Major gunrunning, graft trial opens in Paris

AP , PARIS

Wed, Oct 08, 2008 - Page 6

The son of a former French president, an Israeli-Russian billionaire and a tycoon with ties to Arizona’s jet set were among the headliners as 42 defendants went on trial in Paris, accused in a worldwide web of trafficked arms to Angola, money laundering and kickbacks.

Defense lawyers and Angola’s government are trying to stop the show, however, arguing the trial has no right to go on.

Prosecutors allege that between 1993 and 1998, two key suspects — French magnate Pierre Falcone, a longtime resident of Scottsdale, Arizona, and Arkady Gaydamak, an Israeli businessman based in France at the time — organized a total of US$791 million in Russian arms sales to Angola, a breach of French government rules.

Most of the other suspects are accused of receiving money or gifts, undeclared to tax authorities, from a company run by Falcone in exchange for political or commercial favors. Investigators say the corruption grew into a tangle of laundered money and parallel diplomacy that left a stain on France’s relations with Africa.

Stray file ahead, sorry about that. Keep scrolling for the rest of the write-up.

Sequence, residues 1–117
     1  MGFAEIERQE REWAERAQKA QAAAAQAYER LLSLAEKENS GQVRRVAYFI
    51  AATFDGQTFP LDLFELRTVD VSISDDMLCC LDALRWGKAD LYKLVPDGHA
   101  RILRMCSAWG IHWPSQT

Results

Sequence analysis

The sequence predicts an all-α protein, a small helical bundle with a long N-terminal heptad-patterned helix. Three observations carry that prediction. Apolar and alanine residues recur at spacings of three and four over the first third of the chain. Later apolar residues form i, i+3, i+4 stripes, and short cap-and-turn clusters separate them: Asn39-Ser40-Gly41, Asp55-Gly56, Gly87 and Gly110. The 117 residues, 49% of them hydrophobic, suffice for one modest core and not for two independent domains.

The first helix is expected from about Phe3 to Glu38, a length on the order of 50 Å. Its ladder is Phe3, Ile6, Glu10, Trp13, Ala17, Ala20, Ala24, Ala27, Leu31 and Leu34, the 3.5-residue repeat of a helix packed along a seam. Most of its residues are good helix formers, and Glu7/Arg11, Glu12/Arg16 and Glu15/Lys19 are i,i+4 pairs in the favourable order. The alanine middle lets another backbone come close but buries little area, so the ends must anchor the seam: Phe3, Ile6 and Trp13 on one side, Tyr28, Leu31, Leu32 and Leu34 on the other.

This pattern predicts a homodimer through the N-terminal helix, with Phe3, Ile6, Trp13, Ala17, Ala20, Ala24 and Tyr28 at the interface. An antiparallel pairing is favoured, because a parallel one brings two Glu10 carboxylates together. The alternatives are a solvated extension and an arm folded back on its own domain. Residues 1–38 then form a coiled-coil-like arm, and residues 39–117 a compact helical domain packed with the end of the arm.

Among the defendants who filed into a Paris courthouse Monday were icons of France’s political elite — including late president Francois Mitterrand’s eldest son, Jean-Christophe, and an economic adviser to French President Nicolas Sarkozy, Jacques Attali.

They navigated past throngs of journalists and human rights activists to reach the suspects’ stands in the stuffy courtroom.

Most of the defendants were on hand with the notable exception of Gaydamak, who is the subject of an international arrest warrant.

Gaydamak’s lawyer, William Goldnadel, said his client — a candidate for mayor of Jerusalem — did not want to do prison time and was planning to travel to Paris for the proceedings next month.

Judges read out the list of defendants and charges, based on a 468-page indictment that took investigators seven years to nail down.

The reading took most of the day.

Lawyers for Falcone and Gaydamak argue there is no reason to pursue the case in a French court because the weapons never transited French territory. But prosecutors cite the use of a French bank and French companies in the deals.

The case has rankled Angola’s leadership. A lawyer representing the country, Francis Teitgen, said on Monday he would seek to have the trial called off “to protect the rights attached to its sovereignty.”